They are everywhere: shoes with toes. And if they don’t have toes, they are still so light and little that it’s like running barefoot. So what’s the big hype? Is barefoot running good for you? The answer is: it depends.

Like any shoe, or any foot for that matter, what’s “good” for you depends on, well, you. The idea behind barefoot shoes is that they allow your foot strike to naturally coincide with your body. What does this mean?

According to a study done by the University of Nebraska, people who wear regular running shoes, that is, those that are heavier, “ratings of perceived effort were…higher with shoes on.” In other words, barefoot running is more economical. Because your body is working with itself naturally, it is working with its own forces and center of gravity, which is a huge benefit.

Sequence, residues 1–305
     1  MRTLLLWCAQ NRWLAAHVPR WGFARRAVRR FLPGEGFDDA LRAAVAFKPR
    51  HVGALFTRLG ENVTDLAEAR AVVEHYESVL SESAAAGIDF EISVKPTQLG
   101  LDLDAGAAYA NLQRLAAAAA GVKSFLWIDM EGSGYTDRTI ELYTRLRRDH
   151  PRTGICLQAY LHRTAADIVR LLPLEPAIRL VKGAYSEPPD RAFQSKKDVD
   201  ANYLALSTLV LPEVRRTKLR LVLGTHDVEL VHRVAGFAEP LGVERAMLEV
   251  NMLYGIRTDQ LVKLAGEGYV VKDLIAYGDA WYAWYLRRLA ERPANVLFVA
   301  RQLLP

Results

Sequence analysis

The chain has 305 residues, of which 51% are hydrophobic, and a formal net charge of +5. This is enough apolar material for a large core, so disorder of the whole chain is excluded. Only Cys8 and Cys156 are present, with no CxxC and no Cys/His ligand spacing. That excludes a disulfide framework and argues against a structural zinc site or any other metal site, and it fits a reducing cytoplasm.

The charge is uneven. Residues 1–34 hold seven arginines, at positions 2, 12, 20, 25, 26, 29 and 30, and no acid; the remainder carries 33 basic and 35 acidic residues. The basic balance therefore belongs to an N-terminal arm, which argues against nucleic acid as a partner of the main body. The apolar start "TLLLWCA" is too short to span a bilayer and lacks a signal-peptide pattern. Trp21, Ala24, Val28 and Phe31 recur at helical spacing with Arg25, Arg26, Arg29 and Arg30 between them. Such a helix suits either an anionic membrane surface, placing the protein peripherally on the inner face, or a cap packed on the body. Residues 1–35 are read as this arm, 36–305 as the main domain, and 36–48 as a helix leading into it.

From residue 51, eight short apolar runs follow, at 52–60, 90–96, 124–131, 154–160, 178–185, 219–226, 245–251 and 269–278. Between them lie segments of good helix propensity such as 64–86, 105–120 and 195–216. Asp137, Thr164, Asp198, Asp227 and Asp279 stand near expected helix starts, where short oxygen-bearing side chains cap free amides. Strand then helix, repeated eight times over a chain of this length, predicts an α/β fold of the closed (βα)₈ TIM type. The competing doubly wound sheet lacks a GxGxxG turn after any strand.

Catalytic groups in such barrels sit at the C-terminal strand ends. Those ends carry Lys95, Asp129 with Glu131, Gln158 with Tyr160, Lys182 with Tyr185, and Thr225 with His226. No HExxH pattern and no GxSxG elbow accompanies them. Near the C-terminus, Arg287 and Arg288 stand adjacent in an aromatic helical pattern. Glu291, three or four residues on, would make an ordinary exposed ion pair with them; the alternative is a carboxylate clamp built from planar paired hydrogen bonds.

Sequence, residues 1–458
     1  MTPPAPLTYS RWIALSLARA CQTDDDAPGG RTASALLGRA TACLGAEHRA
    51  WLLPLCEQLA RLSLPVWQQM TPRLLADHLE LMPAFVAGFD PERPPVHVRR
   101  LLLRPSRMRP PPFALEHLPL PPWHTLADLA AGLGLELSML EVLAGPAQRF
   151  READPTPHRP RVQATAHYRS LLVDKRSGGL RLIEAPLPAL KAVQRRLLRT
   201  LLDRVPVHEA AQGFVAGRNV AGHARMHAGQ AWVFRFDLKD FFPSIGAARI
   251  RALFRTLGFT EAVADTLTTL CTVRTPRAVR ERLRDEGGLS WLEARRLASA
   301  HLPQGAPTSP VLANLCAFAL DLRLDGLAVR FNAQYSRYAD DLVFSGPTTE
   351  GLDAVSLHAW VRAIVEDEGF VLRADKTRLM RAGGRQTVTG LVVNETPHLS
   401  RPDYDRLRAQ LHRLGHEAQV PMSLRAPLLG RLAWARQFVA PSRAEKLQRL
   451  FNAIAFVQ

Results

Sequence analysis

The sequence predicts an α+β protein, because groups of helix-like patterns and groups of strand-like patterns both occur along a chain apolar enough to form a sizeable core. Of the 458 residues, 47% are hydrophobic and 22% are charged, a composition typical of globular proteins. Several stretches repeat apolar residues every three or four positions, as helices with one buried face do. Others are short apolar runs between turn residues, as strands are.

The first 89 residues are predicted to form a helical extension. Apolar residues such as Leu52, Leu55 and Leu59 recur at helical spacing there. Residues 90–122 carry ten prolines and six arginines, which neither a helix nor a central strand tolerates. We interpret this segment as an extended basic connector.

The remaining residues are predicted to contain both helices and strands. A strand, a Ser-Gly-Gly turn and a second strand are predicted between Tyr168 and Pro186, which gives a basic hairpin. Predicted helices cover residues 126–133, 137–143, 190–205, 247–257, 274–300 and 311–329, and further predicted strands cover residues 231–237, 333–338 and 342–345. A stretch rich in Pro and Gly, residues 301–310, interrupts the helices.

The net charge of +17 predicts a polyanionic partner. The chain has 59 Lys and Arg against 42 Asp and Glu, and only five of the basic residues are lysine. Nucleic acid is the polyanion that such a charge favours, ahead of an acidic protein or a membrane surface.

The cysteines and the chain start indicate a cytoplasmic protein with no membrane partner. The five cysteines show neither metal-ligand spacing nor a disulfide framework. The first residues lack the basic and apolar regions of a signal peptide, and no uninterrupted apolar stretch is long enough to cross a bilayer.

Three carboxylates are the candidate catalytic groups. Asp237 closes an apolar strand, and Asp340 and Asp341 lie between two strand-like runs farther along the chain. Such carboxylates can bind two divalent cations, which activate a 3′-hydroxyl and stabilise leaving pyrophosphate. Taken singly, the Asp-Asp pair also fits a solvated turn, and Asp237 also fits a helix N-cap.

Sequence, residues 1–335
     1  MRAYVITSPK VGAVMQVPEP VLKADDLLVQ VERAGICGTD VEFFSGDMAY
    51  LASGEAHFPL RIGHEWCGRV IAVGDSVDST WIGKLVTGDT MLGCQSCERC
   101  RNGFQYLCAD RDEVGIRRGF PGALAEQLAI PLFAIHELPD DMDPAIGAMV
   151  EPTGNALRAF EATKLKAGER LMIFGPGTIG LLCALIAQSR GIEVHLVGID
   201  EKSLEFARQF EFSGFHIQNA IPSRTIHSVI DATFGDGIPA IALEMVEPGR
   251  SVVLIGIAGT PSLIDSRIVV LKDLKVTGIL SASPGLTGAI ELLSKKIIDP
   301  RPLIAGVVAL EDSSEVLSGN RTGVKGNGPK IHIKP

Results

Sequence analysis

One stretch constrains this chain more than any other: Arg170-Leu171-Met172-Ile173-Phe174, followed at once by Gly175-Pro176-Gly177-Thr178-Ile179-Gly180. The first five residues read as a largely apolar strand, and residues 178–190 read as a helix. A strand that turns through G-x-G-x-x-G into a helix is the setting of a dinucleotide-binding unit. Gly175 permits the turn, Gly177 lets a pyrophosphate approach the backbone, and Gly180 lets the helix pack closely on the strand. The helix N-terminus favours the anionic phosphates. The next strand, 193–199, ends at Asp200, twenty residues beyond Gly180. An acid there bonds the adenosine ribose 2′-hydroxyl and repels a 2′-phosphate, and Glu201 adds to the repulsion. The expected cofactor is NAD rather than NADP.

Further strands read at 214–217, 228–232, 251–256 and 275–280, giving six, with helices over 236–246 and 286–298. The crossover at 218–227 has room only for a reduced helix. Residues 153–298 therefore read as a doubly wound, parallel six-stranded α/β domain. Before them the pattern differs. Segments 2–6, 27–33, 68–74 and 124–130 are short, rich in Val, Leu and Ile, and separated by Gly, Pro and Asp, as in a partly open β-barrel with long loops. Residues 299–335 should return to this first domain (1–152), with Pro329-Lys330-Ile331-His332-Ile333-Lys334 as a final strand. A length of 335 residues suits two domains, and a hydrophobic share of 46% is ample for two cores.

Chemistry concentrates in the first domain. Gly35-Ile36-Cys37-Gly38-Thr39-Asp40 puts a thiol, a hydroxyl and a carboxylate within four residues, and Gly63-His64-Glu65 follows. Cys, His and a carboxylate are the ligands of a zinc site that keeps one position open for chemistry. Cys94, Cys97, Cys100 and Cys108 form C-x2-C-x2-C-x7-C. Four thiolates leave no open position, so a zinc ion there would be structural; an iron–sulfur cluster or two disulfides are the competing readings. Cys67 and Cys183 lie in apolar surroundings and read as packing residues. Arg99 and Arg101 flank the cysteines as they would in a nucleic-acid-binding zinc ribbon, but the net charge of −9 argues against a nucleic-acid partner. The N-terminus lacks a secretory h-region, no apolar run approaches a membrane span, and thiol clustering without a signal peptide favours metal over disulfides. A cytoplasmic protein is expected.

However, the same study also points out that running barefoot, or even in such toe shoes as Vibrams, that even a slight change in your shoes’ weight and thinness of the sole alters your running state. What the researchers do suggest is train and run in shoes that are comfortable for you, whether lighter, heavier, thinner or thicker.

What that means for people like me is that toe shoes might not be the best bet. I need a little extra arch support, which is something barefoot running can’t offer. Let’s just say that the last time I tried it, my feet rolled so hard in that my arches and ankles were sore for days.

Not to say your shouldn’t try it; like the study says, whatever is comfortable for you is what’s best.

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